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How to Lose an Extraterrestrial in 10 Days
His internal computers are offline, his former employers want him dead and the Men in Black are after him. Without his cyberpowers, Reef is as weak as a lowly Earthling. He's tried to kill every human he's met--so why on Earth would they help him?
Evie Holloway needs a bodyguard! Her fledgling chocolate business is mistaken as a money-laundering scheme for the mob and the bullets have started flying. But does the suburban soccer mom really want to shelter the alien hit man who almost offed her future brother-in-law?
She is desperate, and Reef is incredibly sexy. "Ten days," she tells him--but it turns out that ten days just might be long enough to spark a love that's truly out of this world.
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August 01, 2007
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Excerpt from How to Lose an Extraterrestrial in 10 Days by Susan Grant
Planet SandreemTwenty-five years ago
SILENT AND DETERMINED adversaries, the boy andhis father were locked in battle. Their foreheadsnearly touched as they sat hunched over a Sechboard, scrutinizing several dozen game piecescarved to resemble soldiers. The bustle and laughterof the rest of the family filled the cottage, whilefilets of fresh-caught river eel sizzled on the grill.A few raindrops splashed against the windows ofthe cottage, the last of an early evening squall.
Eriff tried to predict the result of his father's confident moves across the game board. Some endingshad him invading his father's Holy Keep, but othershad Eriff's goddess falling to his father's onslaught.Which would be the best move? The right move.
His father's quiet voice broke his concentration."Life or death...so it always is for you, boy."
Eriff glanced up into amused blue eyes thatlooked just like his, according to his mother. "Asvivid as the noon sky on High-Sun Day," she'd say."With hair as black as soot and eyes like those, myfair Eriff, you'll snare your lady's heart with aglance, just as your father won mine."
His father's chair creaked as he leaned back. Hepretended to work stiffness out of his limbs. "I fearI'll grow old waiting for you to make a decision."
His father's teasing left him puzzled. Time spedby when he was stalking his prey--outside in thewoods hunting, or here in a game of Sech. "Have Itaken too long?"
"Let me say this. It seems the gods gifted youwith infinite patience. With life so slow on thisbackwater planet, it'll serve you well, I think."Under his breath, he added, "Move your archer...there."
"But that will open my quadrex to your warriors!"
"Take a chance." His father's eyes sparkled.
"But, Papa, my archer, it's not logical."
"Not everything in life can be logically thoughtout, Eriff. Often, taking a risk brings the sweetestreward of all."
Often, but not always. And that was the part Eriffdidn't like about his father's advice. As soon as aplayer's goddess piece was taken, the game wasover. But in Sech, even the lowliest soldier couldtopple an empire. Eriff moved his scout, planningto inch it forward and breach his father's Holy Keep.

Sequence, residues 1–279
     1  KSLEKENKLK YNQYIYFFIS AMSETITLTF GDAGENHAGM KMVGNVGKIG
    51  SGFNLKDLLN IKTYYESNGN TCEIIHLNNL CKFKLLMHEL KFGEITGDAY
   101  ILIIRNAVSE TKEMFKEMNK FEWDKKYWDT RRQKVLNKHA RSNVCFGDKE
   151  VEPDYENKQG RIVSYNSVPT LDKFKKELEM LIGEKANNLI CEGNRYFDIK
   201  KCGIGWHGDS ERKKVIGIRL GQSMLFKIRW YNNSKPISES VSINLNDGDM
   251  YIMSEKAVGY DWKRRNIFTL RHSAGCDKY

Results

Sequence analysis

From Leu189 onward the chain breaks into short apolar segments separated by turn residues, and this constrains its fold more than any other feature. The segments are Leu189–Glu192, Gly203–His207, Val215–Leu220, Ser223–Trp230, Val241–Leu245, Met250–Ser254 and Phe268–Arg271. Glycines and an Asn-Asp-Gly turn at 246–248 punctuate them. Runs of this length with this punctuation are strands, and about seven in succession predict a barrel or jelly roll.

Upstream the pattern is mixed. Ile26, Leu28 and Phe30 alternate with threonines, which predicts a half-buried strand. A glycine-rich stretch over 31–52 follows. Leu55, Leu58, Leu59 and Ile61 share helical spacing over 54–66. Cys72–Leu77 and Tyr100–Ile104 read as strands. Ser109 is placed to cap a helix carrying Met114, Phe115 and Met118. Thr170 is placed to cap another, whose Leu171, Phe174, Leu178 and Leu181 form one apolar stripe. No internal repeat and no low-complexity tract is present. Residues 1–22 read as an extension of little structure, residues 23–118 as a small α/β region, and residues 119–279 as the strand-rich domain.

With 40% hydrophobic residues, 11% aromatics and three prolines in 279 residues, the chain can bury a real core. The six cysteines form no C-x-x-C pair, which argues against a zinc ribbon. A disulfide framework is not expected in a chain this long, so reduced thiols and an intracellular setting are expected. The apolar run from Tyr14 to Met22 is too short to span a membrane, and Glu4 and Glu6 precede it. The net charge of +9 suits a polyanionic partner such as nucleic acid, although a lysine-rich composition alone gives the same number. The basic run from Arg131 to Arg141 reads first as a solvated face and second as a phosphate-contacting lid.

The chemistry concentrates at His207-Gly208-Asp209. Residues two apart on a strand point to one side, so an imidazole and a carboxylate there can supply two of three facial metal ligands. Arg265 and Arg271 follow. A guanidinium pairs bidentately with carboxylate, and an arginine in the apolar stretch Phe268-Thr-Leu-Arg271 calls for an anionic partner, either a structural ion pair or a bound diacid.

His father gave a shrug and captured one ofEriff's commanders, dropping the piece into a wornleather pouch. Eriff lowered his head.
Chuckling, his father reached across the table toruffle his hair. "So serious...an old soul your grandmother says. I wish for you the chance to leave thisworld and find your fortune, but alas, the chancesof that are next to none."
Eriff perked up. "You had that chance, Papa."Maybe this time his father would tell him of theyears he'd spent fighting the Drakken Horde. Therewere stories, oh so many stories; Eriff could seethem in his eyes. But no matter how much hepleaded, the man never shared them. All Eriff knewwas that his father joined the Coalition Army as ateenager and went off to see the galaxy.
At least he came back. A great-uncle on hismother's side didn't. Mangus Slipstream left tobecome a scientist long before Eriff was born andno one ever heard from him again.
Well, Eriff was staying put. Even if he wanted toleave, how would he? It was rare for ships to passthis way. Commerce required wormholes for theships to speed through vast distances that wouldnormally take months and likely years. There wereno wormholes near Sandreem.
It was quiet here, and that's the way Eriff likedit. No one wasted much thought about the rest of thegalaxy or the war. Why should they when nothinghappened on Sandreem to remind them of it?
Eriff might have doubted there was a "somewhere else" if he hadn't seen the evidence with hisown eyes: a deep-space cargo transport. But he'dbeen little more than a babe and rememberednothing of the crew except for the stink of their craft.
His father did, however, bring home one treasurefrom the far-off lands: the Sech board. It was arevered family possession. As soon as Eriff couldhold a game piece in his hand, his father taught himhow to play.
Boom-boom. Sudden thunder echoed down fromthe mountains. The table vibrated, rattling the gamepieces out of position. Eriff gasped in dismay, tryingto put the pieces back in order. His father's handcovered his much smaller one, stopping him. "Thegame's over."
Thunder rumbled on and on. Eriff joined hissisters at the windows. "I never heard a storm likethis before," Kayree said.
"Me, either!" Karah sang out.
Eriff threw open the window and peeked outside.Clouds raced across a clearing sky. Thunderboomed again, roaring. Screeching.
The small house shook on its very foundation. Itsounded as if the sky was tearing open. Eriff's heartbounced with the thrill of it. Then a shadow passedover the house.
"Look!" he shouted, coming up on his toes as anenormous, gleaming starship descended toward thehorizon.